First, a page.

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Current time:0:00Total duration:6:04

Video transcript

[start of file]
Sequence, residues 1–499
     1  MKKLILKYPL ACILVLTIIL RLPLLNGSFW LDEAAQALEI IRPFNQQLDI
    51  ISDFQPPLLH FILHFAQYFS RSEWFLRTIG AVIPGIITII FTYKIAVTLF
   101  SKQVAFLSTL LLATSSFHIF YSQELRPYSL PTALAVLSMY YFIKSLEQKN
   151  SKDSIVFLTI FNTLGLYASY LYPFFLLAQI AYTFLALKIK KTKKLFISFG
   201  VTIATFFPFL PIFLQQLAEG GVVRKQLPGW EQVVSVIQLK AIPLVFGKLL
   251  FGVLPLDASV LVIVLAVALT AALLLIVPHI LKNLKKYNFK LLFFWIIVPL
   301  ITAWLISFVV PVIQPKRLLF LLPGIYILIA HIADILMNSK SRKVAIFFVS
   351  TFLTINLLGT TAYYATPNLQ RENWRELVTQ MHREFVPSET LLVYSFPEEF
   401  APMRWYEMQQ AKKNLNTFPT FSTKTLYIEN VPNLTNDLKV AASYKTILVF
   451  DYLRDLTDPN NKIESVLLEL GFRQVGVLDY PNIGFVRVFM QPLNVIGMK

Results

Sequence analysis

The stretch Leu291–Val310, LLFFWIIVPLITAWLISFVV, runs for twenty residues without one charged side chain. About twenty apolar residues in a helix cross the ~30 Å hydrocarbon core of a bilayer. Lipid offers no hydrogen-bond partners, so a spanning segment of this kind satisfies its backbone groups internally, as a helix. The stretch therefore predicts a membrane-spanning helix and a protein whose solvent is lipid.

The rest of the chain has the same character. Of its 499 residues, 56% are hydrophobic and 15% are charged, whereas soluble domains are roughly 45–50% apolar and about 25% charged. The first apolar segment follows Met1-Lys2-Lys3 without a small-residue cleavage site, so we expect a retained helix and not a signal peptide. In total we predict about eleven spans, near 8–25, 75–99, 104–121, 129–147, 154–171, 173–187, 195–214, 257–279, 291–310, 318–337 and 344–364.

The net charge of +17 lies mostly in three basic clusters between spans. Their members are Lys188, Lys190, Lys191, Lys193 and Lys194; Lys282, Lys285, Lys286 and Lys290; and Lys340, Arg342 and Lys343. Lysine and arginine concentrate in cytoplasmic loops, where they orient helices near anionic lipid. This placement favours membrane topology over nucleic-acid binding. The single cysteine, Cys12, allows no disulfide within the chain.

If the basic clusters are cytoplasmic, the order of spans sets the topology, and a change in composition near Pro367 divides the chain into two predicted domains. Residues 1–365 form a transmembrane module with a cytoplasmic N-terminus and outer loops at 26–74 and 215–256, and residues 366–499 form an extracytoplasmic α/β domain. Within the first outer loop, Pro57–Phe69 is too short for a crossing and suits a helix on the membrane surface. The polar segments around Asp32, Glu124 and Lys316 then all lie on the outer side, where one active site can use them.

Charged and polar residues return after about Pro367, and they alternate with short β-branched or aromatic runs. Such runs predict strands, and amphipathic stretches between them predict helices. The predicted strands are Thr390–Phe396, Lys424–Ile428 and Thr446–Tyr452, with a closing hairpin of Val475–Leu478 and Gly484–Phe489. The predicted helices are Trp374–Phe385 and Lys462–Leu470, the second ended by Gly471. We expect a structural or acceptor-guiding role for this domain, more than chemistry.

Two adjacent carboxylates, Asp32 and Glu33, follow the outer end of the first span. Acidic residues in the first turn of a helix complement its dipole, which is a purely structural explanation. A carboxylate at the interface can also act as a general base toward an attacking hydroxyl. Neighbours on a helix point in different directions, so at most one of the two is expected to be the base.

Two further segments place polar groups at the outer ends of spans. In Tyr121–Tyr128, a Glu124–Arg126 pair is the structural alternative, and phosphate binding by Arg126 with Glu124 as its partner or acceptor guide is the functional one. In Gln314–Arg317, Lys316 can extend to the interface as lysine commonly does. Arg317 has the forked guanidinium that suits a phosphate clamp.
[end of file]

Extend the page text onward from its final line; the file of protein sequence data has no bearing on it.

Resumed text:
- [Instructor] As we've talked about in other videos, by the time we get into the 15th century, Timur's Persia and central Asia has been fragmented. You have many of Timur's descendants with their own kingdoms, especially in central Asia. In 1483, in the central Asian city of Andijan, now part of eastern Uzbekistan, you have one of Timur's grandson's great-grandson's born Babur and at the age of 12, Babur takes the throne of Fergana after the death of his father. Now over the next few decades, he tries to consolidate control, he tries to take control of Samarkand, loses control and then of Fergana, keeps repeatedly losing control. Early in the 16th century, he is able to take Kabul and then decides to focus on India instead of central Asia. In 1526, famously with the use of cannons, which had not been used in a significant way in the Indian subcontinent until that time, Babur was able to defeat Ibraham Lodi of the Delhi sultanate and come to power in northern India and you can see in this blue gray color, this is the territory that Babur was able to rule over until his death in 1530. Moghul is the Persian word for Mongol. Remember, Babur is a descendant of Timur, who is a Turko-Mongolian conqueror. On his mother's side, he claims descendancy from Gengis Khan, but Persian is the language of his court and so it significantly increases the Persian influence in North Indian culture. After his death, his son Humayun comes to power. Humayun has difficult retaining power. He has various family rivalries to contend with and eventually he is dethroned by the Pashtun Suri dynasty. He goes to the Safavids and with their help, is able to retake control but then trips on stairs and dies and then his son Akbar comes to power. Now Akbar is perhaps most famous of all of the Moghul rulers. As you can see, he is able to rule over India for some time. As just mentioned, Humayan essentially had to reconquer, retake the throne and his hold on power was relatively weak. But now Akbar is able to expand the territory that you see in this light purple mauve color. He's able to increase the central authority and perhaps most importantly, he tries to unify India culturally. The Moghuls are Muslim and are relatively tolerant up through Akbar and to some degree, Jahangir, of other religions, but Akbar takes a very pluralistic approach. He's famous for holding court with religious scholars throughout the empire and even trying to merge the religions, creating what some would consider a religion of his own that would later be called Din-i-Illahi, the religion of god. Many Jain and Hindu principles appealed to him. He becomes a vegetarian, he bans the slaughtering of cows. At his death in 1605, his son Jahangir comes to power. Historians consider Jahangir to be relatively tolerant like Akbar and to continue the interest in the sciences and the arts that you saw in the Moghul court under Akbar but he's a little bit more controversial. As we talked about in the Sikhism video, he famously tortures and executes Guru Arjan. Some would say it was because Guru Arjan was siding with Jahangir's son, who was trying to rebel. Others would say that it was because Guru Arjan was getting a following in Punjab and that Jahangir was insecure of his own hold on power and decided to execute Guru Arjan. But he is succeeded by his son, Shah Jahan, who becomes decisively less tolerant. His reign, however, is known as the golden age of Moghul architecture, with the crowning achievement, arguably, the Taj Mahal, which is a mausoleum that he commissions in the 1630s to house the body of his dead wife. As you can see here, it's housed in Agra and Agra and Delhi at various points during the Moghul empire are the capital, there's a few moments when it is at Lahore. He is eventually imprisoned by his son, Aurangzeb. Aurangzeb is considered a very strong and authoritarian ruler. You can see here that he is able to expand the territory of the Moghul empire well into South India. At its maximum extent, the Moghul empire is now rivaling the amount of territory that was controlled by the Moria empire, roughly 2000 years before this time. Despite being the last truly strong Moghul emperor, he's also known as the least tolerant of the emperors. After the death of Aurangzeb in 1707, he's succeeded by weaker and weaker Moghul rulers. The 18th century, you see a significant decline in the power of the Moghuls, the territory they have. Delhi is famously sacked by Nadir Shah, the Persian conqueror. As we get into the second half of the 18th century, the British are able to chip away more and more and more territory, not just from the Moghuls, but from other Indian rulers as well, which we will see in future videos.
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